TelepathyHave the students form small groups. Tell the children what vocabulary items are on the cards and list them on the whiteboard. Give each group a deck of cards. Each group shuffles their deck and deals them out until they are gone. Students are not allowed to look at their own cards and should arrange them in a face-down pile in front of themselves. Then the first student to play puts a hand on the top card of his or her pile and announces what vocabulary word he or she thinks is

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written on the card by inserting it into the target sentence pattern. He or she then turns the card face up into the center of the playing area. Any time a student correctly guesses what his or her card will be, the child collects all the cards discarded since the last correct guess. After all of the students have exhausted their piles, the cards claimed by correct guesses are counted to determine a winner.

Ive Got ItThis is a very simple card game that can be played with even very young students as long as they can read the words on the cards. (Alternatively, picture cards can be used so no reading is required.) This game can also be played with larger groups of up to ten if desired. Give each group a deck of vocabulary cards. The cards are shuffled and dealt out until all are gone. The first player starts play by tossing in any card from his or her hand and using the shown vocabulary word in a target structure. Any other student who has a matching vocabulary card then pipes up, saying the word in the structure and tossing his or her card in as well. If a player has two or more of that card, he or she can toss them all in, repeating the structure and word an appropriate number of times. Then the next player in the circle starts another round. This continues until someone has gotten rid of all his or her cards. That student (or students, in the frequent case of ties) wins. Find FourThis game is played similarly to the popular card game Go Fish. Separate the class into groups of four or five. Give each group a deck and have them deal out five cards to each player. The first player shows a card from his or her hand, says the vocabulary word on it within a target pattern, then identifies another student he or she thinks may have a matching card. If that student has a match, he or she must surrender it, inserting the word into the target structure, and the playing student gets another turn. If, however, the called student does not have a match, the player is rejected and draws one of the cards left over from the deal. His or her turn then ends, and the next student plays. Players must try to remember what cards other students have, so when it is their turn, they know who to ask for what cards. Any time a student collects all four of a certain card, they are shown. Once all the leftover cards have been taken up, a players turn simply ends the first time they fail to make

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a match. The winner is the player that makes the most sets of four cards. In many cases, you can incorporate a question and answer structure into this game. For example, using a deck of domestic animals cards, the playing student shows a card that reads cat and says, I have a pet cat. Billy, do you have a pet cat? If Billy has a cat card, he must say, Yes, I do, and surrender it. If not, he says, No, I dont.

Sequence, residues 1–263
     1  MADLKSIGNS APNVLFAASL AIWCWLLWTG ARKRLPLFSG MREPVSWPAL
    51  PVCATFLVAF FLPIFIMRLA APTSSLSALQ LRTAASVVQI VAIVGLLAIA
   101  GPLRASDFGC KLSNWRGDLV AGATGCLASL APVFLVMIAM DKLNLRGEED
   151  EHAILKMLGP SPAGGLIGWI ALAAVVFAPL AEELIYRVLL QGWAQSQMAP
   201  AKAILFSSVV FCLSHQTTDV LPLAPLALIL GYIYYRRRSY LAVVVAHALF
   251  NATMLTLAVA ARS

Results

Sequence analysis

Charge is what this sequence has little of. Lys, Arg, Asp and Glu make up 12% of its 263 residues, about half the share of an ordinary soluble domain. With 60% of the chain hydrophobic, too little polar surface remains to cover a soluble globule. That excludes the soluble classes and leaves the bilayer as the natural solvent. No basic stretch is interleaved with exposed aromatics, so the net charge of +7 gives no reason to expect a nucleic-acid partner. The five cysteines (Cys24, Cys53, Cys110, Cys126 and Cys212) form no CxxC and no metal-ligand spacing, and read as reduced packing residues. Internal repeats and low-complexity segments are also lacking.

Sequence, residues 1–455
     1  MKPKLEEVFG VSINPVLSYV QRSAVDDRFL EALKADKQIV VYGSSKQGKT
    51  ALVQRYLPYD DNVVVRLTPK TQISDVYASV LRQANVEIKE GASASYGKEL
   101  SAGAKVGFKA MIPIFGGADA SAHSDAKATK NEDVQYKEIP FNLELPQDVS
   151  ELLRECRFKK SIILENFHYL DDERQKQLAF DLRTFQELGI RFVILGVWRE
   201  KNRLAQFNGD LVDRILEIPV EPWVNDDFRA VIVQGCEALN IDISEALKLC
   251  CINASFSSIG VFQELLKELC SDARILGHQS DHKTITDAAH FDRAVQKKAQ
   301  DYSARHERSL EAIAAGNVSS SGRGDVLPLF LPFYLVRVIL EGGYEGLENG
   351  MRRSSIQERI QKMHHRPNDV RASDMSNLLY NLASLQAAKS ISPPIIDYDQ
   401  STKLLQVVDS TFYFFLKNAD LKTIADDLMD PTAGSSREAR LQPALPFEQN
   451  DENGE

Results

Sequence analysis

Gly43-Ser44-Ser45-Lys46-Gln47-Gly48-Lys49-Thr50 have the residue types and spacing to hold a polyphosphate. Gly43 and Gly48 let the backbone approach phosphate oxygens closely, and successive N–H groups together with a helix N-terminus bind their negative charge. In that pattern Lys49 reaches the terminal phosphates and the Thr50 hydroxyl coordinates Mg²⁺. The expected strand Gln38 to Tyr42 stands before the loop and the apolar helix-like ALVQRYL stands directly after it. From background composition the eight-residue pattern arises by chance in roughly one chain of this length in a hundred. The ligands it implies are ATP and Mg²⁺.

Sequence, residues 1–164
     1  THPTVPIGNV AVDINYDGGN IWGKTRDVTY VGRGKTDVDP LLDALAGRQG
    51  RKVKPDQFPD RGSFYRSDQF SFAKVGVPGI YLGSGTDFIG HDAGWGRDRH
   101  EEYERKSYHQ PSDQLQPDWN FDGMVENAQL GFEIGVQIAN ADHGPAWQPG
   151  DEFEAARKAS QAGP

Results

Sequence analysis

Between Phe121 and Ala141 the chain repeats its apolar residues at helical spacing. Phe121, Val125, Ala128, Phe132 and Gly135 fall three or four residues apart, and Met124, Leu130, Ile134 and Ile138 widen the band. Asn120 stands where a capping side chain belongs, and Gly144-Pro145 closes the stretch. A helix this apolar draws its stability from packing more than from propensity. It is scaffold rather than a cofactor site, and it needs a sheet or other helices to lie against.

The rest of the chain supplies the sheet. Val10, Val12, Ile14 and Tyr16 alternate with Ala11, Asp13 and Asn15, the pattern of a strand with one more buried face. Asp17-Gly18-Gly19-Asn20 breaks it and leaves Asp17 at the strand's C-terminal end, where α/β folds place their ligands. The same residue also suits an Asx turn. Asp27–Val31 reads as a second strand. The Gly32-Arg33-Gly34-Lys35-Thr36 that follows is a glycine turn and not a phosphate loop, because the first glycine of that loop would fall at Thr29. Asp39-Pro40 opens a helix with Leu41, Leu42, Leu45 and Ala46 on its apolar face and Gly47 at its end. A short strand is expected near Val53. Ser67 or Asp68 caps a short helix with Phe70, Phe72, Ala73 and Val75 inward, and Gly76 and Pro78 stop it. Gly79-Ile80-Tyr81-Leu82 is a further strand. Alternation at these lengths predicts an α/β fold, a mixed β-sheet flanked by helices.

SnapPut the students in small groups. Give each group a set of vocabulary cards, which are dealt out until they are gone. Students are not allowed to look at their own cards; they just place them in a neat stack on the table in front of themselves, creating draw stacks. The first player turns over the top card from his or her draw stack and uses the vocabulary item shown within the target structure. Then the next student does the same and so on. On subsequent rounds, players turn over another card and lay it directly on top of the other discards. Any time two discard piles end up showing the same vocabulary word (see Figure 7), all the players, except the one who just turned the card creating the match, race to shout out snap! The first to say it collects all the cards in those two piles and places them back under his or her draw stack. The object of the game is to collect as many cards as possible.

Figure 4: Snap!

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Although the AuralOral Approaches, the AudioLingual Method (ALM), and the Situational Approach have been largely rejected by some second language acquisition researchers, many of their disadvantages can be avoided leaving us able to use their advantageous features for effective teaching that is compatible with more contemporary methods. In this unit, we explored the theoretical and historical background of the AuralOral Approaches, described the characteristics of each, discussed the advantages and disadvantages of each, and discovered how many of their disadvantages can be avoided. We then covered a variety of applications, or teaching techniques, that facilitate the types of drills that are characteristic of the AuralOral Approaches. Both ALM and the Situational Approach were reactions to the ineffectiveness of the Grammar Translation Approach and the Reading Approach in enabling students to orally communicate in their second language. While ALM was heavily influenced by the science of Behaviorism and assumed students must develop speaking habits through repetitive oral practice, the Situational Approach arose from the new field of pragmatics, which emphasized the fact that certain language structures can have quite different meanings depending upon the context, or situation, in which they are used. Both AuralOral approaches emphasize the teaching of listening and speaking and delay the teaching of reading and writing. In both approaches, the input students receive is carefully controlled and grammatical structures are sequenced from simple to more complex. In both, the rules of grammar are learned inductively, not through overt explanation (deductively). While both approaches may use single-slot substitution and double-slot substitution in choral drills or chain drills, traditional ALM allows the language to be manipulated without regard to context for the mere sake of practice, while the Situational Approach only allows practice of language that would actually be used in certain communicative situations. While ALM discourages the use of the mother tongue in the classroom, the formal Situational Approach strictly forbids it.